The menu is divided into four sections: To Start, Pizza, Pasta and La Rosticceria; in addition, there is a specials menu. The wood-fired Tomato Tapanade topped with goat cheese may be my newest food obsession. I’m not a scampi fan but I loved the wood-grilled shrimp scampi with crispy prosciutto and spicy garlic butter. We got so into the appetizers and salads even with two visits we only tried one main course and one pasta dish. In truth, I was too full to try the Chianti Stained Pappardelle with wild boar ragu, but Steve said it was excellent. The Tagliata di Manzo, wood-oven braised beef oxtail served with polenta and spinach was delicious. The oxtail was perfect comfort food on a cold December night. We want to go back and try the pizzas. The great thing about the menu is the range of prices. You can dine on pizza for $15 or a steak for $57 with lots of choices in between. The food philosophy is nicely summed up on their website: “Best-of-season vegetables, wood-fired meats, and homemade pastas are the basis of our food, and is our reasoned approach to what is succulent and modern.”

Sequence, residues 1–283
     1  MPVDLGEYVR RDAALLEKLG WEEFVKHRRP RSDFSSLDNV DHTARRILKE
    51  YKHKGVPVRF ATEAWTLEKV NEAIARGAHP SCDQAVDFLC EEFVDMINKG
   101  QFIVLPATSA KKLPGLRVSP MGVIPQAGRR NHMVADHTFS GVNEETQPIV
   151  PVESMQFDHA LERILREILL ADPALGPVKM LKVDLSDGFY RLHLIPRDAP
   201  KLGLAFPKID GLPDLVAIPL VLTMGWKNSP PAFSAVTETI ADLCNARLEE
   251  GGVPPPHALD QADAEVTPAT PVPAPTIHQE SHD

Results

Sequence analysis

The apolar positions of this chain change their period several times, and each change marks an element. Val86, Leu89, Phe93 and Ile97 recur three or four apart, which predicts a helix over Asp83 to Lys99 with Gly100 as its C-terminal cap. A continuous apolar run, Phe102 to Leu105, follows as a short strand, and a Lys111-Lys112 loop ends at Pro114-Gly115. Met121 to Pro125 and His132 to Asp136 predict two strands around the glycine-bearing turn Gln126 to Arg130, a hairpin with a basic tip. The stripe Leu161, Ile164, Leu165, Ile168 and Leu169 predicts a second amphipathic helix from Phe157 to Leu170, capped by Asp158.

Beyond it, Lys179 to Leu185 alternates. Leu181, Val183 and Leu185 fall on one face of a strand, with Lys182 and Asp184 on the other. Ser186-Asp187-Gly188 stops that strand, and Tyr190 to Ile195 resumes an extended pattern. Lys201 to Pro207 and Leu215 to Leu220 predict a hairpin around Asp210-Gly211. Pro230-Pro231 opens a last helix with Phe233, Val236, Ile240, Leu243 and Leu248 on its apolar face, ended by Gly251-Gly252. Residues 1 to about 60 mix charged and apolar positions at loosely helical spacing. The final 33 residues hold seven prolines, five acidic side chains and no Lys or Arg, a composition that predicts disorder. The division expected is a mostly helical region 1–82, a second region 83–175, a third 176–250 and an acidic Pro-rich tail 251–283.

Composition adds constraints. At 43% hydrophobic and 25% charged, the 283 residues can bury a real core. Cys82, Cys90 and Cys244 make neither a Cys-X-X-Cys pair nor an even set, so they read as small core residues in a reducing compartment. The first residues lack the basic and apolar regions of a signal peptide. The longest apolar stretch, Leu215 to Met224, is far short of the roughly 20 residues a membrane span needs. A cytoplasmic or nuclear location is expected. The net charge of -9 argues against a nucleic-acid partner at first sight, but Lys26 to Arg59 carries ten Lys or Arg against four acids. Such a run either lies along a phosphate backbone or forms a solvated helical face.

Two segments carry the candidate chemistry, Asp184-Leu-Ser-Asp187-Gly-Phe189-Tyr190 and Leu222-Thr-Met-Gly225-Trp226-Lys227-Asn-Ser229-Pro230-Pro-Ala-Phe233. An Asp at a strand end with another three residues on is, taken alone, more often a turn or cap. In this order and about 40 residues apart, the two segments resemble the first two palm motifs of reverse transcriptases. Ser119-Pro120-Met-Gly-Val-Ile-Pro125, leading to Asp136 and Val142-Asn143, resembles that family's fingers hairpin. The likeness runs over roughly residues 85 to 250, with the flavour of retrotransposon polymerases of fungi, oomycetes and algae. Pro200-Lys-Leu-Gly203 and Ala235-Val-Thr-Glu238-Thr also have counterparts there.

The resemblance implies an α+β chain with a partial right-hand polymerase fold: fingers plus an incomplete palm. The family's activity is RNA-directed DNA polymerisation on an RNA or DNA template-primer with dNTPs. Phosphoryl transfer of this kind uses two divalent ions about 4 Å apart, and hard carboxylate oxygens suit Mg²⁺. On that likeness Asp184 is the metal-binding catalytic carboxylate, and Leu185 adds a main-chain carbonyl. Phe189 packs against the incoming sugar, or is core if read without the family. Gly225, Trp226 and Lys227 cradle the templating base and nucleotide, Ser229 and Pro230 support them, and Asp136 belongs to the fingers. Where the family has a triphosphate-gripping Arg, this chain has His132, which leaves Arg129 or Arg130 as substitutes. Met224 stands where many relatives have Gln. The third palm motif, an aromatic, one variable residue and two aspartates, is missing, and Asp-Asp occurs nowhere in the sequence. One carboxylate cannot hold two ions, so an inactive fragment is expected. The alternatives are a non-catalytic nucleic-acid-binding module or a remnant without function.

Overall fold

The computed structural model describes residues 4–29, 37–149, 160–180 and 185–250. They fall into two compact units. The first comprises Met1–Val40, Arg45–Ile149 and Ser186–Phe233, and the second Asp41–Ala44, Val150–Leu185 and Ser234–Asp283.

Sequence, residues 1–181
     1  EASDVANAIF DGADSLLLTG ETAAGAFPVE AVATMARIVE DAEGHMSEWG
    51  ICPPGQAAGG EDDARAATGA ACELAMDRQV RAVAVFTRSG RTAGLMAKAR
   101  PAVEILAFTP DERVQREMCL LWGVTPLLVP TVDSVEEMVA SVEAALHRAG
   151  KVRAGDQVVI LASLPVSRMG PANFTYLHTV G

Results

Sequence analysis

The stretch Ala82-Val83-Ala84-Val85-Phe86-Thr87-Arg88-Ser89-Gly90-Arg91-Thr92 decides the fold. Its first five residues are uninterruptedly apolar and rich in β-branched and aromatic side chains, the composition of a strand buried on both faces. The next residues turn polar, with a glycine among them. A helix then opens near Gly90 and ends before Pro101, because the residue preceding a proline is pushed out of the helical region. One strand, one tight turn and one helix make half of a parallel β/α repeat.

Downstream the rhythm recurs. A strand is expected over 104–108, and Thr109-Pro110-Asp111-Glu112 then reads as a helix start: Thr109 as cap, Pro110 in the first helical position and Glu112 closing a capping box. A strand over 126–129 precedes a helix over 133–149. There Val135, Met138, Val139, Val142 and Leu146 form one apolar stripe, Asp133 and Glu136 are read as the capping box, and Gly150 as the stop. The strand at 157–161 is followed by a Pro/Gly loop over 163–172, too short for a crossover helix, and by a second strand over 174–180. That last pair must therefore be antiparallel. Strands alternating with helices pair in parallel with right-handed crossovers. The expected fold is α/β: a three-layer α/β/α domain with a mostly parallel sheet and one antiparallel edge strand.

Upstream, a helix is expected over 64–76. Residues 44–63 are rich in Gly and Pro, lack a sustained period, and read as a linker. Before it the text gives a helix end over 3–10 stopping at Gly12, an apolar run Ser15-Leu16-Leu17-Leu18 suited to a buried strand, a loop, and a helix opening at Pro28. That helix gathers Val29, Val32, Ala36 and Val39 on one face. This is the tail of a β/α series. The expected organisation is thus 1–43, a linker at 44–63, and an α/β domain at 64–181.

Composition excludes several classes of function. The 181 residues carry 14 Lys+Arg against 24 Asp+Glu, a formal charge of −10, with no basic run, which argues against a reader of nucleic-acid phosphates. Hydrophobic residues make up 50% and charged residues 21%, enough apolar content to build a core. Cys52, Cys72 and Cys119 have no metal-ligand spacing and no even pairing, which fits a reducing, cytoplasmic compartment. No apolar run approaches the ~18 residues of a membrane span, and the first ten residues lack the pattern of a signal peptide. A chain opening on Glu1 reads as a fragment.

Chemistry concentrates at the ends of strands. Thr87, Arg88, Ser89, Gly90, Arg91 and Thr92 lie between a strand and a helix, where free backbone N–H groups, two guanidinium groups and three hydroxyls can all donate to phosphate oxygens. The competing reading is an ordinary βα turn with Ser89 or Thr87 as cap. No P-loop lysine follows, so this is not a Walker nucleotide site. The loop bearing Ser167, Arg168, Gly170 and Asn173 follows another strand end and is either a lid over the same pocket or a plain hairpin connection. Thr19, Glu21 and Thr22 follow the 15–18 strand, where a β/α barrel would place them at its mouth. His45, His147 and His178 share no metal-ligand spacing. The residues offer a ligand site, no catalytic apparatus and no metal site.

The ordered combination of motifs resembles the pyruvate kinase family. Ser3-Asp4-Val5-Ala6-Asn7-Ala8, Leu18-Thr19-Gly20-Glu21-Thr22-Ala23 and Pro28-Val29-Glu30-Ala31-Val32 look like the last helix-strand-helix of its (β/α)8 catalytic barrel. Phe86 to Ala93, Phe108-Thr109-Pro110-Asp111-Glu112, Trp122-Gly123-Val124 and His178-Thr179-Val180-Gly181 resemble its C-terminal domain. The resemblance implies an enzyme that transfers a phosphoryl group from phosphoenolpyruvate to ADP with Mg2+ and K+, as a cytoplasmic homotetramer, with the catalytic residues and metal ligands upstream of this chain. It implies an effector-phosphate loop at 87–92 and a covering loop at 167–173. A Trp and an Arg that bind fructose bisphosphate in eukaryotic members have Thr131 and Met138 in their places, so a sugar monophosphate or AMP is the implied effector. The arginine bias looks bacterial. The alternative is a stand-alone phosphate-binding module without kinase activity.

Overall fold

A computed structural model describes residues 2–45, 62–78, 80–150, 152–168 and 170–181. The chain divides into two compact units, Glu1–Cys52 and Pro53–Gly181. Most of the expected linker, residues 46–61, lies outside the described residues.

Take a ride up to Tesuque and check out the new El Nido Steakhouse. It’s worth the trip! Make a reservation before you go; we’ve been there on weekdays twice and both times the dining room was full. Bar seating is first-come, first-served. While the name honors the original, everything else is new. If you can let go of the past, that’s a good thing.

Author’s note: We were guests of Chef Enrique the first time we dined. We enjoyed it so much we went back on our own dime for our 43rd anniversary.

 

Iconic El Nido restaurant resurrected with a touch of quiet splendor